Bennett: Mastering Your Work-Life Sway

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In today’s fast-paced and chaotic world, we seem to forever be chasing the elusive “balance” between the demands of our work and the leisure and/or family lives we crave. The Cambridge dictionary defines work-life balance as, “the state of equilibrium where a person equally prioritizes the demands of one's career and the demands of one's personal life.” As professionals and business owners, managing professional demands and ambitions can often run in direct conflict with society's expectations of social and family quality of life. It’s this conflict and the constant battle of being pulled in multiple directions that often results in stress, anxiety, burn-out, and ultimately diminishing returns as we constantly strive to meet all demands. 

In contrast, there are those that seemed to have it figured out, operating highly-successful businesses and lives of happiness, comfort, and leisure. The perception is that they were either very lucky or had worked their tails off and somehow crossed the mythical threshold to the “promised land.” Here in lies the trap that ensnares most who strive for a better life and more balance. The perception that hard work and sacrifice are the secret to success—that outworking the competition is the only path to success. This is often at the exclusion and sacrifice of all else including family lives, friends, and quality recuperative time. In reality though, simply working harder is most often not the secret. Working a longer and harder plan is rarely the key to prolonged success.

In contrast, the most successful and enterprising folks have mastered the art of focusing on work and life. The longevity of success is tied to keeping work and play in ratio. More specifically, they understand the notion of “swaying effort” as demands require and purposefully apply themselves to the most important and valuable tasks with the effort and attention necessary even when those efforts preclude life, leisure, and family. In contrast, though, they also recognize that when those efforts are realized, they sway back to balance or even tip in favor of the life, leisure, and family side. They recognize that life is not a stagnant stick that rests in the middle of work and leisure. In contrast to the Cambridge definition of balance as “equal priority,” many of the most successful entrepreneurs look at work and life demands as a pendulum that must sway back and forth, at times pulling more to one side than the other. What successful owners have discovered is that their businesses flourish when their time, energy, and focus sway in and out for quality impact rather than simply committing to the longer-harder plan.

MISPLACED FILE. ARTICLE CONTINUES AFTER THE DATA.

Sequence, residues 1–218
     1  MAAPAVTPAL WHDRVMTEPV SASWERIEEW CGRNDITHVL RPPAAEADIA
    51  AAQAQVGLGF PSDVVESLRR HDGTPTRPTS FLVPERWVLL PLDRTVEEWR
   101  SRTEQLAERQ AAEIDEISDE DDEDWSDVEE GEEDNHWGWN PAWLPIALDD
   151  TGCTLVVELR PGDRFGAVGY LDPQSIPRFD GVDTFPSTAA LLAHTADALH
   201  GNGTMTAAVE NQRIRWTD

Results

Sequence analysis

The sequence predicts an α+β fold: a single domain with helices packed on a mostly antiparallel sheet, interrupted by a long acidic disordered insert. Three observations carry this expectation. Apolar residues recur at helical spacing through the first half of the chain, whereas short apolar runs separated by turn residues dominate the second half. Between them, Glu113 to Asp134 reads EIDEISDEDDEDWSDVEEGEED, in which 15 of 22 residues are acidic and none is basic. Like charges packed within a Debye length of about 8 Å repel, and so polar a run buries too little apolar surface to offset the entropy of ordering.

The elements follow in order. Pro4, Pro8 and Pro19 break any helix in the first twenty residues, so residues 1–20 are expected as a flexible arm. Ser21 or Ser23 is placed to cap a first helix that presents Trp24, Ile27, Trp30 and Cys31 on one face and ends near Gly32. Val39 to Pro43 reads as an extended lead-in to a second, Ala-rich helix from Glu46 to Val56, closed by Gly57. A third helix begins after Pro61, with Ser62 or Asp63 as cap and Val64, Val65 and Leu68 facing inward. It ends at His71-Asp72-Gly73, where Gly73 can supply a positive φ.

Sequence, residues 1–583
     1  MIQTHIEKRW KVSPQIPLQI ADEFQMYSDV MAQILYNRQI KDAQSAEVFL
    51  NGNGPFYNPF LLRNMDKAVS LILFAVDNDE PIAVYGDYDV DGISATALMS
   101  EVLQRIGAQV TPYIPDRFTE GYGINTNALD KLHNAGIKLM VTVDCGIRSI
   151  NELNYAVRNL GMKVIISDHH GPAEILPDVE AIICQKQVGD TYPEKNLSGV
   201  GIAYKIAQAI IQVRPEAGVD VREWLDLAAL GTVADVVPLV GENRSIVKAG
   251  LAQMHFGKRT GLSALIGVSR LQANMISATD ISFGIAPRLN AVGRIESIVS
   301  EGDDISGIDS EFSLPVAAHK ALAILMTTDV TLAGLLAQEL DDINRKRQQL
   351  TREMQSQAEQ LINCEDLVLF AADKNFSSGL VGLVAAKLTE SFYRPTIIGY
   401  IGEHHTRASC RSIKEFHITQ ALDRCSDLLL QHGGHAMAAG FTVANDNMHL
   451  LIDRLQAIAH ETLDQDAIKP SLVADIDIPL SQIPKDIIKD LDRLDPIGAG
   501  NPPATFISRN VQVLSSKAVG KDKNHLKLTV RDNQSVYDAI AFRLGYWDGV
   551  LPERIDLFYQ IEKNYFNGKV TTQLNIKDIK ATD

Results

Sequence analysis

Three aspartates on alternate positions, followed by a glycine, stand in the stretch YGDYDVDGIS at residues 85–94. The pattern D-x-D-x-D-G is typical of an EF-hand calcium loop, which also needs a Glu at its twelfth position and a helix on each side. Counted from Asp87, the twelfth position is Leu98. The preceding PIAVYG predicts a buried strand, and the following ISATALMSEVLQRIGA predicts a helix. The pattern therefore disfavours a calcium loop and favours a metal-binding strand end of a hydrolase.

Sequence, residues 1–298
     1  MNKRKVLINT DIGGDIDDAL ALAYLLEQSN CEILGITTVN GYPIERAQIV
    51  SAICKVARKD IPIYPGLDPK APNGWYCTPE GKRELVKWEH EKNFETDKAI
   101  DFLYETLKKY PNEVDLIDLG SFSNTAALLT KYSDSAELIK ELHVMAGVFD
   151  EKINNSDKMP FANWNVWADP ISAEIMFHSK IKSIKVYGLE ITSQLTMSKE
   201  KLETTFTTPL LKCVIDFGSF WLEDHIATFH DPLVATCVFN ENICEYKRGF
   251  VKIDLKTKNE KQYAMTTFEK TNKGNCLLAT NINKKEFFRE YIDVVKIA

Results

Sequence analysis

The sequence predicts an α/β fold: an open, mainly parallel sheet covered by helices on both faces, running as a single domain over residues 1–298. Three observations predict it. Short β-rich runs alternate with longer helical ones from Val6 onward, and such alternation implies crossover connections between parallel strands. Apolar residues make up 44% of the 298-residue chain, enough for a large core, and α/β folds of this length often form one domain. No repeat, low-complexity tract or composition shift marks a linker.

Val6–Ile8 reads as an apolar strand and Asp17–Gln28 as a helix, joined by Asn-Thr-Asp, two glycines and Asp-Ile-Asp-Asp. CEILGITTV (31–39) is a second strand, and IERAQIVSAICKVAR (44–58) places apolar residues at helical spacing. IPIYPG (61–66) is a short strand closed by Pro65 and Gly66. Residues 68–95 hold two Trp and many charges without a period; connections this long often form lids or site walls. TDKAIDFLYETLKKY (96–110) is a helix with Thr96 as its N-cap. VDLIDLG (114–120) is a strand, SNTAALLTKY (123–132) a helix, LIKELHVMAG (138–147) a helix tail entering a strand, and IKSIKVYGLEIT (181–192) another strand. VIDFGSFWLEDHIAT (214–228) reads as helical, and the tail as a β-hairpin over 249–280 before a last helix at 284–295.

The question then becomes: How do we find our own “sway effort” balance? Step 1 is acknowledging that “all-in” is not sustainable and that there has to be a give and take or “sway” in the focus of our energies and effort. Too often, our identity and our self-worth are tied to our work and career. The “job” defines who we are. Take a minute to ask yourself who you are. Are you solely defined by the job or your business? Don’t get me wrong, this isn’t necessarily a negative. Passion and pride in the job are powerful identity traits, but they shouldn’t be the limit of who you are and the only way you find enjoyment and gratification in life or enterprise. 

When demand swings the pendulum toward your business, you need to lean in. Embrace the need and focus on meeting the demand. Once the immediacy of the demand is satisfied, be OK with returning yourself to the balance of equal focus between work and life. When you have the opportunity to embrace time away from work, do so passionately and without guilt. Life is about balance, however, balance doesn’t mean demand comes in equal measure. Embrace the idea of swaying into and out of work and life. The tricky part to this is there is no golden ticket. No magic bullet. No one size fits all. You have to discover and define the work-life equation and what the sway looks like for you. Success and happiness don’t occur simply by finding a balance. Successful balance is achieved when you master your ability to embrace and manage the sway.

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